I had always considered most .30-06 ammo to be pretty stable, but chemical reactions seem to continuously pop up where you least expect them. These cartridges with the stannic Model 1906 (pre-M2) bullets have apparently been corroding for some time while stored in zip lock bags in their stripper clips. The primers appear to be the sole source of the corrosion as pulling the bullets revealed the powder and the insides of the cases to be unaffected. The headstamp is F A 37, from lot 1982.
I noticed some deterioration on some FA 41 and RA 42 .30-06 today although these were in a batch of odds and ends which may have been contaminated by some older stuff. Common rounds, so it was easy to just trash these. We may be nearing the end of the shelf life of the huge stocks of WW2 .30-06 ammo which have kept shooters happy for many decades.
This was one of the reasons, although by far not the most important, that I stopped collecting the 7.9 x 57 mm cartridge. I would look at a German steel-case round on Monday and it was mint. On Wednesday, it was covered with plums of rust that had broken thru from the inside. I pulled bullets and cleaned out the powder, sometimes noting that part of the base of the bullets were eaten away already. With one round, the top half of the cartridge-case went with the bullet when an attempt was made to pull the bullet with an inertia bullet puller. That was happening more and more. The example cited (Monday/Wednesday) was allegorical of course, but not far from the truth.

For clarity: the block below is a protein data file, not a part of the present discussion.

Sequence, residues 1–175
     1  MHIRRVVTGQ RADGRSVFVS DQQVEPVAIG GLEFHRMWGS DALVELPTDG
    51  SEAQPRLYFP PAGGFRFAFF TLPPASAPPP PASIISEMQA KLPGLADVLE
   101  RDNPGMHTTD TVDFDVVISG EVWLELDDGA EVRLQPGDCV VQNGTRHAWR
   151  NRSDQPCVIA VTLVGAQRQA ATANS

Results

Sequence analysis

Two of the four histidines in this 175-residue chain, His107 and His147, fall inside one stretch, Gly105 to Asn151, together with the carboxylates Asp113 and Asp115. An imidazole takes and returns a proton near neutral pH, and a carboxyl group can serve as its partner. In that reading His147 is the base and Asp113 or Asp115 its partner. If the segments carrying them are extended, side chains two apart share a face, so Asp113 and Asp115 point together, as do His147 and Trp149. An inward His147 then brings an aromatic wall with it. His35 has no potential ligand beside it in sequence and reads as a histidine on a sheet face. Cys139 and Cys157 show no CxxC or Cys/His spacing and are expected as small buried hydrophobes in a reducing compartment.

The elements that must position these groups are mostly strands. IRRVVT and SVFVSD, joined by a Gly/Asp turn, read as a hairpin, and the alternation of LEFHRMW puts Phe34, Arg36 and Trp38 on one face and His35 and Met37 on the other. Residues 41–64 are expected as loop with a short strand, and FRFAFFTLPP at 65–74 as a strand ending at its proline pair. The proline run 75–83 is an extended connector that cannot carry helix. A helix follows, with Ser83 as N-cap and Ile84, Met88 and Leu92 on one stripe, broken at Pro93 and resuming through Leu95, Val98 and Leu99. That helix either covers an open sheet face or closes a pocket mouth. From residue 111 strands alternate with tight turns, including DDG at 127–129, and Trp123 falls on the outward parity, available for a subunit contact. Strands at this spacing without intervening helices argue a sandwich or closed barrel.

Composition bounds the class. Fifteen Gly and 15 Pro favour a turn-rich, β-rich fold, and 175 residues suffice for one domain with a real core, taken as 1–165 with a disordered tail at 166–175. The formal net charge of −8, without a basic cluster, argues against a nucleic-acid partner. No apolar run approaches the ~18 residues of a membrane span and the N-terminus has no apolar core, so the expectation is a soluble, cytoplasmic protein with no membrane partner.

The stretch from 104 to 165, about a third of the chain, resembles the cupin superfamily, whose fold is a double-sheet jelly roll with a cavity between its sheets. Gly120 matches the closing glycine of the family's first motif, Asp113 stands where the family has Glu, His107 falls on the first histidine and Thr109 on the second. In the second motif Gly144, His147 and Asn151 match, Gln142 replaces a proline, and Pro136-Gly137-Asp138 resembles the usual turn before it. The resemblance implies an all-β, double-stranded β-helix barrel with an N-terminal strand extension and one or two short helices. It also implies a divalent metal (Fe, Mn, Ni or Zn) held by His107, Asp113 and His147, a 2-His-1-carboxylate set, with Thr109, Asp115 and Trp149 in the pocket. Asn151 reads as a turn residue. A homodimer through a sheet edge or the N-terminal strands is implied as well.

A shame. I could not come up with anyway to stop these rounds from self-destructing. I have had primer leakage hurt specimens in several different case materials, but it has been minor so far compared to the problem with German (and from German occupied countries) steel-case cartridges. So far, none in 9 mm, but perhaps it is because of a different type of powder that doesn’t case this severe internal rusting.
I’ve always found 8mm Lebel to be the worst offender. I’ve stopped actively collecting the caliber due to its deterioration.